I stay pretty basic with 5/3/1. On squat days, since I no longer have access to a glute-ham raise, pretty much everything I do involves a barbell: squatting, RDL's, good mornings and cleans. On bench days, among other things, I bench, row and do shrugs. With all the machines and other crap they pack into commercial gyms, there's little room to do any kind of barbell exercise without having to look all around you before you get started, lest you run into some wandering slapdick who's late for his appointment with the preacher curl.

4. Enforce the "Put Shit Back Where You Found It" Rule: I do lots of weighted dips. For whatever reason, whenever I do these, I have to hunt around the gym for several minutes looking for the dip belt with the chain, because it's never in the same place. The same goes for damned near every portable implement in the gym. At my old gym, the carabiners on our chains would constantly disappear because people thought they were part of the general carabiner supply for the entire place. A place for everything, and everything in its place.

5. Enforce the "No Cell Phones in the Gym" Rule: I've never seen anything like this before. Everyone in this f-----g gym walks around talking on the phone. Am I missing something here? I've never brought a phone into a gym in my life, so maybe I just don't understand. Is this something I should be doing?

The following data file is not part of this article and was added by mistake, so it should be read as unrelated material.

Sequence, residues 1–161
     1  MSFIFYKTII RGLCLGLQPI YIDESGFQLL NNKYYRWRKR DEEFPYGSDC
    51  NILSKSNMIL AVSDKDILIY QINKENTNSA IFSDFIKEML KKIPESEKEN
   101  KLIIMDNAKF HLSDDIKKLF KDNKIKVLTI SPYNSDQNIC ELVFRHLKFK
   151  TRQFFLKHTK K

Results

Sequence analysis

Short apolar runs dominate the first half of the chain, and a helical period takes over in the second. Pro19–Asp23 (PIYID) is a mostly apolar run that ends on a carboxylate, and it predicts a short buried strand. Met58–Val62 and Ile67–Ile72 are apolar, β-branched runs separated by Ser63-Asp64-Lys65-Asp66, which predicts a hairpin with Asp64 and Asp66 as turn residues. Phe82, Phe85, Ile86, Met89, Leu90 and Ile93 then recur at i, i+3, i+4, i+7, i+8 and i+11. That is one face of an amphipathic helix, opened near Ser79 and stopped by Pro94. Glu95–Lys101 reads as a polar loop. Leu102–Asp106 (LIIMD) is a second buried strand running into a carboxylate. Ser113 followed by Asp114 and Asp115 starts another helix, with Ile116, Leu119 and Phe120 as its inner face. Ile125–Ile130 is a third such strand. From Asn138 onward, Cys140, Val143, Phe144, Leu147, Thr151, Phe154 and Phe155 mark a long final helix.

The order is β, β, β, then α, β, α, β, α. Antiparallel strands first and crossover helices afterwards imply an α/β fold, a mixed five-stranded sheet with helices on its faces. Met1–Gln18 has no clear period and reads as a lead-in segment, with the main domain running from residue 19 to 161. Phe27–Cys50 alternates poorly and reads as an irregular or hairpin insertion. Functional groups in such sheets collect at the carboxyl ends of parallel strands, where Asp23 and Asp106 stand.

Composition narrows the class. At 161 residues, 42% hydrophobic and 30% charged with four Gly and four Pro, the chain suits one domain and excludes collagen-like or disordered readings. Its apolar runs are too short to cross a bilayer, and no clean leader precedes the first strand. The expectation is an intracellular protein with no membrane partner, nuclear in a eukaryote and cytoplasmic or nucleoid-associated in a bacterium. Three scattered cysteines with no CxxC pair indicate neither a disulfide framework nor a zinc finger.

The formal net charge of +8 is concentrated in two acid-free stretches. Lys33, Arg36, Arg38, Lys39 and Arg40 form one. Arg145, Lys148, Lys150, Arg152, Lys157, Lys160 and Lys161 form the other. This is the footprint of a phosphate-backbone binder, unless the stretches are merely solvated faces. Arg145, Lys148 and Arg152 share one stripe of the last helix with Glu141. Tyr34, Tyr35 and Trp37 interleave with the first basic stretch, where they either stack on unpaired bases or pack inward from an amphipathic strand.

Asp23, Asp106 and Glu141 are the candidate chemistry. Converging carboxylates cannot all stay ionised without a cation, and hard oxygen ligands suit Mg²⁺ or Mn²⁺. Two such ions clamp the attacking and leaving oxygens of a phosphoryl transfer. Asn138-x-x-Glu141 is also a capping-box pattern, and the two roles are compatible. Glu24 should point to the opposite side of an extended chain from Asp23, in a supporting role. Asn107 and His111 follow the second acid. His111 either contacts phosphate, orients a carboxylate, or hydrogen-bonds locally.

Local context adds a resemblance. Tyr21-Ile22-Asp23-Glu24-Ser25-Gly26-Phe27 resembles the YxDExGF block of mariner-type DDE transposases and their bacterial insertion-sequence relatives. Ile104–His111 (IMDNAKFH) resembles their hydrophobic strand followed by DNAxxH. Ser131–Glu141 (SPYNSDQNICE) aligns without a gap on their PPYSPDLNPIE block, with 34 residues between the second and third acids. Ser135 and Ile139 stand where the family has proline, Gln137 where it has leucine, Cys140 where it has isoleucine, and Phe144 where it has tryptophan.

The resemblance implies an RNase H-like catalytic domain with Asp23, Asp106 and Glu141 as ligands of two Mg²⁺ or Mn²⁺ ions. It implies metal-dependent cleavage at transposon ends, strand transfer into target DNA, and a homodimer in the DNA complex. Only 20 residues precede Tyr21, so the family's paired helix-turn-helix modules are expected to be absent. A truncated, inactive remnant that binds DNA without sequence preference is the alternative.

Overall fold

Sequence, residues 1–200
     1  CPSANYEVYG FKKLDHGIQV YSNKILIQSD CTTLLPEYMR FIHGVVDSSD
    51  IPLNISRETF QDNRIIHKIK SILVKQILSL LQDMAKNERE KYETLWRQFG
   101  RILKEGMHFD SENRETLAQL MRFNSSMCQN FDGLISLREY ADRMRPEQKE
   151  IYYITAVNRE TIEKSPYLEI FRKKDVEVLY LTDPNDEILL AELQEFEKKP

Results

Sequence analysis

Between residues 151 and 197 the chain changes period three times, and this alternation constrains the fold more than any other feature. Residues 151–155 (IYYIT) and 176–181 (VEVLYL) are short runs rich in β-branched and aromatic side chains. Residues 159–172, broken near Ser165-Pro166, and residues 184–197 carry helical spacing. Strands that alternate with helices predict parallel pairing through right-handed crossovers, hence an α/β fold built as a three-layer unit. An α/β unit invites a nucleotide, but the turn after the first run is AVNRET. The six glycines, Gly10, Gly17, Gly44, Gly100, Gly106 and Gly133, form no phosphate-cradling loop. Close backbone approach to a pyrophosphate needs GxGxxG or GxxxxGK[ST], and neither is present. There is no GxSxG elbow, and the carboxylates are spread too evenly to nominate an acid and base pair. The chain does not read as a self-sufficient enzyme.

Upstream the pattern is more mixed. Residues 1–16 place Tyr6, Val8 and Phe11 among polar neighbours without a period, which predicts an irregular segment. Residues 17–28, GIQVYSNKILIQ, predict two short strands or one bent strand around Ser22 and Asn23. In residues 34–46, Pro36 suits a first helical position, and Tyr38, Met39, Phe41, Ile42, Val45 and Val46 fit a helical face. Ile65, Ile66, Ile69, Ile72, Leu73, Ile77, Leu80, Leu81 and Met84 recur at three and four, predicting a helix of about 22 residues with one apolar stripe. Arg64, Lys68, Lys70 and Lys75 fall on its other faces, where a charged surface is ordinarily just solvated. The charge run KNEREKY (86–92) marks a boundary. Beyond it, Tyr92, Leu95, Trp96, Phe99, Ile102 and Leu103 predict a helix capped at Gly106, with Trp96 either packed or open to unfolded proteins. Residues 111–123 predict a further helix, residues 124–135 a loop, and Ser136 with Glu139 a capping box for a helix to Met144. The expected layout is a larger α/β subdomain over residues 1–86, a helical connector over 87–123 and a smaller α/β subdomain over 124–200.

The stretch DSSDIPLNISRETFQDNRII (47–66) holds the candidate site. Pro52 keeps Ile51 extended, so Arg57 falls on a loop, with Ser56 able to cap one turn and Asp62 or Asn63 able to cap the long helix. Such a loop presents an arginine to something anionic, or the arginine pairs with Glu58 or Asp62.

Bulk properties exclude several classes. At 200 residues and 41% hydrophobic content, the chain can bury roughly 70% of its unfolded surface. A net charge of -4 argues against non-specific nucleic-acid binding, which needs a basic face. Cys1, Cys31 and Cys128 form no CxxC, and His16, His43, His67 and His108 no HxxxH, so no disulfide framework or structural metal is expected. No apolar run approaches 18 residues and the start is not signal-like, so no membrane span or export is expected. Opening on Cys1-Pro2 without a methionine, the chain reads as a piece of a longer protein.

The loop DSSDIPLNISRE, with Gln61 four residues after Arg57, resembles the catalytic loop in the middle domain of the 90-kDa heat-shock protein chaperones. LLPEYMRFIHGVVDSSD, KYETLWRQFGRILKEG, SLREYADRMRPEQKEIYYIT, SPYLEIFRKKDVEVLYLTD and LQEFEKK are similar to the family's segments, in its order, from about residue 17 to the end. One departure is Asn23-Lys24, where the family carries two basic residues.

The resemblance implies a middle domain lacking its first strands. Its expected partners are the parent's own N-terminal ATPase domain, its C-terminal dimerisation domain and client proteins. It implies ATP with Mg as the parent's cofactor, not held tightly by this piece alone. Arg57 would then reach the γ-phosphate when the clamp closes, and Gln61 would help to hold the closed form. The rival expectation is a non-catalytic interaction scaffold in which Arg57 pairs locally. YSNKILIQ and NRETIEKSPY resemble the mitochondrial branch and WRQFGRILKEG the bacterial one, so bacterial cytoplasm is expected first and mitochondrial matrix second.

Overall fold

6. Take an Allen Key and Tighten Your Dumbbells:
Is it a rule that every heavy dumbbell in every commercial gym in America should be about to completely fall apart? Do some weekly maintenance on your facility and fix this shit, please. It's completely inexcusable.

7. Get Real Collars: Let me let you in a little secret. Spring collars suck, and nobody likes them. About the only thing they're good for, in my estimation, is hanging chains from them when you deadlift so the chains don't hit your feet. That's it. And since most commercial gyms don't have chains - give this time...you'll see people misusing them all over America eventually - spring collars are good for just about nothing.

8. Tell Your Cheesy Personal Trainers to Stop Stealing Shit From EliteFTS and Doing it Wrong: Look around any commercial gym. Every single one of them will have a trainer who advocates box squatting, and every single one of these trainers teaches it entirely wrong. This is because they have no idea what the f--k they're doing. They saw it on YouTube or at some functional seminar, they want to be "hip and trendy," and now they're box squatting and kettlebell swinging and sled pulling and doing all manner of shit they've never done themselves and couldn't teach to my dog. Please. Stick with your Bosu balls and balance boards and stop embarrassing yourselves.

9. Revoke the Membership of Anyone Caught Lifting With Sunglasses On: If you're going to wear shades in the gym, you'd better produce a prescription on demand, otherwise you're a jackass and we'd be better off without you. The same goes for any number of "things" that these f-ing people do in these places. I once saw a guy taking a leak at a gym urinal with his pants around his ankles and his ass hanging out. Sorry, man. Doesn't fly.

Believe me, this list is by no means comprehensive. This comes as a result of "training" for less than a week at a commercial gym, so I'm sure I'll have an entire litany of complaints by the time my stay in this particular facility is complete. I look forward to my next visit to my personal chrome and neon hell.